Wednesday 17 October 2018

The Weekly Read: My siblings came from a plane, not a hospital ... but I don't love them any less

Alison Rothwell on life with her adopted siblings

Stock picture
Stock picture

Alison Rothwell

The bond between me, my brother and sister is unbreakable, even if we're not related by blood.

My parents had me in their thirties, and after multiple miscarriages, they couldn’t face losing another child. Their logic was why bring another child into the world, when there are so many out there that need love. They also quickly realised that they needed to get me some siblings or I was going to turn into a brat.

They then went through a grueling process to apply for adoption. They chose the option of going to Russia to get my brother. Before they left, all they had was a photo of this little baby, a name and a date of birth. The same date of birth as me, to the day, exactly three years apart. They knew it was meant to be.

All I can remember was I was having a two week long sleepover in with my cousins, and that at the end of it I would have a brother. Stephen came bouncing off that plane. The most energetic, playful child you will ever come across. As his annoying big sister, I used the fact that he was like an elastic band to see how far I could mess with him.

Me as the loud bossy one, and him as the quiet yet divilsome one, we were a perfect little duo to drive our parents mad. My strong, intelligent parents seemed to be a dab hand at bringing new kids into the family, so they decided they’d go for the third.

Stephen and I were a handful, and they felt that they couldn’t burden one of our relatives with the task of taming the two of us, so this time, my Dad got on the plane alone to go bring home the 5th member of our team.

On his own, off he went on his trip to Kazakhstan, and how glad I am that he did. He became very close with a couple from Clare, and I’m very glad he had friends while over there. He walked into the orphanage, and instantly fell in love with this blonde bouncing baby with two different coloured eyes. Irene was the definition of a angel baby. Always good humoured, always smiling, and always hungry.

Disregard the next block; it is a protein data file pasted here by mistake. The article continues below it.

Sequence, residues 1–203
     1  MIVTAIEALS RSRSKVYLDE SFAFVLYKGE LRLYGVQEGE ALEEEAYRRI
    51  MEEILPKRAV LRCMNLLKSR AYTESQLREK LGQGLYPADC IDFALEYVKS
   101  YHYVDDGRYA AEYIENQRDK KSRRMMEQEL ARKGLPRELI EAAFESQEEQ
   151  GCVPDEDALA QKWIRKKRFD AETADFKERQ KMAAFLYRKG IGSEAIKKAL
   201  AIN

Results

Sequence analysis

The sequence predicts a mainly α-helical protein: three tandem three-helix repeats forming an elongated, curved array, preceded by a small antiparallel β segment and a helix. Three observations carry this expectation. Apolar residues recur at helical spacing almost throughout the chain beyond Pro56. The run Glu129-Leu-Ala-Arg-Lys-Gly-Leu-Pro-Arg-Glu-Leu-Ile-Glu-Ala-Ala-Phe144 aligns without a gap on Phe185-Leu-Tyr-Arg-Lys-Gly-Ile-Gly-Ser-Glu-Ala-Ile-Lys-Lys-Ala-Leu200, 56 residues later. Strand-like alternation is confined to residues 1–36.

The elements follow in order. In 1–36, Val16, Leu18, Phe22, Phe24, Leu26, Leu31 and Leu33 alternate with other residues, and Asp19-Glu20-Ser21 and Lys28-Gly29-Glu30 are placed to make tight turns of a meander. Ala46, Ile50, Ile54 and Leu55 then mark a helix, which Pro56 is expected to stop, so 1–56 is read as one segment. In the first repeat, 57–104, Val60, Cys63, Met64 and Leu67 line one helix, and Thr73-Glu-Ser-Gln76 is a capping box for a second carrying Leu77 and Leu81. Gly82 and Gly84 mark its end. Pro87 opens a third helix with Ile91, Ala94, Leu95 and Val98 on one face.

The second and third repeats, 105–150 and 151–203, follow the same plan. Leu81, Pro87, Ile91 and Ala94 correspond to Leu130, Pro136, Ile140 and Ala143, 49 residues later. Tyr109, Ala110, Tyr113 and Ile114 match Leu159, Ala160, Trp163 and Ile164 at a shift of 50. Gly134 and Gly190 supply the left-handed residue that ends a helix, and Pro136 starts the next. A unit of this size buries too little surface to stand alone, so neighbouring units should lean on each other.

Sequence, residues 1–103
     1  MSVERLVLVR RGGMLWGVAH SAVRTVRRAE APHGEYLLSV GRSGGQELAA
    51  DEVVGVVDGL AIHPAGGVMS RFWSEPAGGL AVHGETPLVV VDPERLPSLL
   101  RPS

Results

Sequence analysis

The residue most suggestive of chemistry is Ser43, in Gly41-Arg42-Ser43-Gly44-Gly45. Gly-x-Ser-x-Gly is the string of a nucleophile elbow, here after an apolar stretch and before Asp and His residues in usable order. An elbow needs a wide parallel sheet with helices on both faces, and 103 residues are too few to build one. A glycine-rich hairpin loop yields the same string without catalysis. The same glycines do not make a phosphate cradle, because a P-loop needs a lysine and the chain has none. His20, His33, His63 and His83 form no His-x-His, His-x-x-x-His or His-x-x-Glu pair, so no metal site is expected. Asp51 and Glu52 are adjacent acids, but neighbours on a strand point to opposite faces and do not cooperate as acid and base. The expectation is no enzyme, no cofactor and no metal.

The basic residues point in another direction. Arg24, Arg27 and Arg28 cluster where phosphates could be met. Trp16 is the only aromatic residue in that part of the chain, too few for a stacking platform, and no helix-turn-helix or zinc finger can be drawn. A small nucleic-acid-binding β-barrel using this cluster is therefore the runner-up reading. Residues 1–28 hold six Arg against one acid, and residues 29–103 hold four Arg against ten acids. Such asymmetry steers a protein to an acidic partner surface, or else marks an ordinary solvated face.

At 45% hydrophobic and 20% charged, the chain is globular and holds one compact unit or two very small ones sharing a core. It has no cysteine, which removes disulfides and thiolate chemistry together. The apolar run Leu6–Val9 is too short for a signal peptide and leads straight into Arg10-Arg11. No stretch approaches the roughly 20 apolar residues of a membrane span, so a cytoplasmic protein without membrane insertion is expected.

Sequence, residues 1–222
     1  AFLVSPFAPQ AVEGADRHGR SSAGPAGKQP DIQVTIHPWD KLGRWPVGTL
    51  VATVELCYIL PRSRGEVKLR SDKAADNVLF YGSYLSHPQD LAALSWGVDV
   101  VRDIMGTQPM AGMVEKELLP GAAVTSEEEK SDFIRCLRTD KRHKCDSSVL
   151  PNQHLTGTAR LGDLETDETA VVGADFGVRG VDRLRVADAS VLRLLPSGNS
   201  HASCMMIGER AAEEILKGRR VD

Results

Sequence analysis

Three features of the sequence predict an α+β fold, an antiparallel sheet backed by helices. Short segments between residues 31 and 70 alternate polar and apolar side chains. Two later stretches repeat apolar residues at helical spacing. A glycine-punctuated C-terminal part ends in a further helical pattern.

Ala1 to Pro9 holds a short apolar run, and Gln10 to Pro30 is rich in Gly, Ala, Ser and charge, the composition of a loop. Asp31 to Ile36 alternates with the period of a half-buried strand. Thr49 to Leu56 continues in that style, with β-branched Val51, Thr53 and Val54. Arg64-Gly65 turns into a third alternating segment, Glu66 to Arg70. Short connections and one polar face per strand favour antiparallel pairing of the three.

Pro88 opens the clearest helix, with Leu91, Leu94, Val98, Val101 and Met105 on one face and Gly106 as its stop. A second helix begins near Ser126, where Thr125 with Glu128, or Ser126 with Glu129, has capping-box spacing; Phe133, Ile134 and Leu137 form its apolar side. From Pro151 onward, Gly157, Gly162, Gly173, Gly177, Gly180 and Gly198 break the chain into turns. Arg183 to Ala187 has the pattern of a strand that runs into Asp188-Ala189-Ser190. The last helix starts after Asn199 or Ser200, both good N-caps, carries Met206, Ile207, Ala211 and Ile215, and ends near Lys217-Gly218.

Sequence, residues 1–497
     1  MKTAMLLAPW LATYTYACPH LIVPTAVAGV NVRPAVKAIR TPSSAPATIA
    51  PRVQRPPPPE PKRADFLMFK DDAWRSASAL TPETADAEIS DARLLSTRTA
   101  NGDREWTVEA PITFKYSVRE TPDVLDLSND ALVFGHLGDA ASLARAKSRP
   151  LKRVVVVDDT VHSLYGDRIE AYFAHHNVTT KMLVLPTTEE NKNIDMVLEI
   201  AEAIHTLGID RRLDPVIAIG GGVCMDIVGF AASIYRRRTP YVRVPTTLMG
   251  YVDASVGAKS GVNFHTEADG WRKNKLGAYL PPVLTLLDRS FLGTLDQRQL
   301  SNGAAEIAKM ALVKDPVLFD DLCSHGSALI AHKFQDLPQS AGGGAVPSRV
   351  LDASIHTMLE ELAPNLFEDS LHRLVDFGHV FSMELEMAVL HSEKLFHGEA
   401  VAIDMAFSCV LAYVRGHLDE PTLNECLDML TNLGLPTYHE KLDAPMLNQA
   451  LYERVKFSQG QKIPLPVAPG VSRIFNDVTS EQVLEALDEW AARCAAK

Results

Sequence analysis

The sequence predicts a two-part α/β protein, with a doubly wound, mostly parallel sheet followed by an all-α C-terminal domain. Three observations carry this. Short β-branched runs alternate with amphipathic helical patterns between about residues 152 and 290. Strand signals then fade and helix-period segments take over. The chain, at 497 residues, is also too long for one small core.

I was in first class at the time, and I was a lot more aware of what was going on this time. I remember my teacher telling my whole class, how I was going to get my sister at the weekend, and how I bragged that my sister was coming on an airplane not from a hospital.

Irene and my Dad were inseparable, and this was a hard adjustment for my Mam, but within a very short time, she realised how good my Mam’s cuddles are.

Our team was complete, five members and a happy team we were. The three of us are all so different, but it works (most of the time!). If I’m honest, I forget they’re adopted 99% of the time. They’re not my adoptive siblings, they’re just my siblings. I don’t know life without them.

It’s not like in the movies where the children find out they’re adopted when they’re 18, and have a early age freakout. My parents were always very open and honest with my Irene and Stephen, about who they are and where they come from.

Throughout our school years, I was very protective over them, as they have encountered bullies and harsh words from children who didn’t know any better. I think because the term ‘you’re adopted’ is used as a slag, people see it as a weapon they could use against them.

Stephen is extremely athletic, and excels at any sport he tries. I call him a freak of nature, an elastic band as previously mentioned, and his talents get him noticed. He was the envy of all of the boys in my estate for his football skills.

There is one strong memory I have of a boy who lives down the road from us slagging Stephen for being adopted, as he was embarrassed that a boy 5 years younger than him had just schooled him in a game of 5-a-side. I remember the anger I felt. As a girl I was always tall, and the boys didn’t really catch up with me until I hit secondary school. So as a 10 year old who was taller then this boy, I decided to take matters into my own hands. I was ready for the huge grounding I was going to get from my parents, but no such punishment came.

My parents separated when I was 12, and our family did struggle through it, but I always felt so lucky I had Irene and Stephen to go through it with, it brought us closer as siblings. The three of us took it in very different ways, but one thing remained the love our parents had for us.

With both my brother and sister knowing exactly where they come from, we often talk about going and visiting Russia and Kazakhstan together, when we’re all rich and grown up.

I think the bond you have with your siblings is one that is hard to put into words, but the one I have with mine is one I feel lucky to have.

With thanks to Campus.ie

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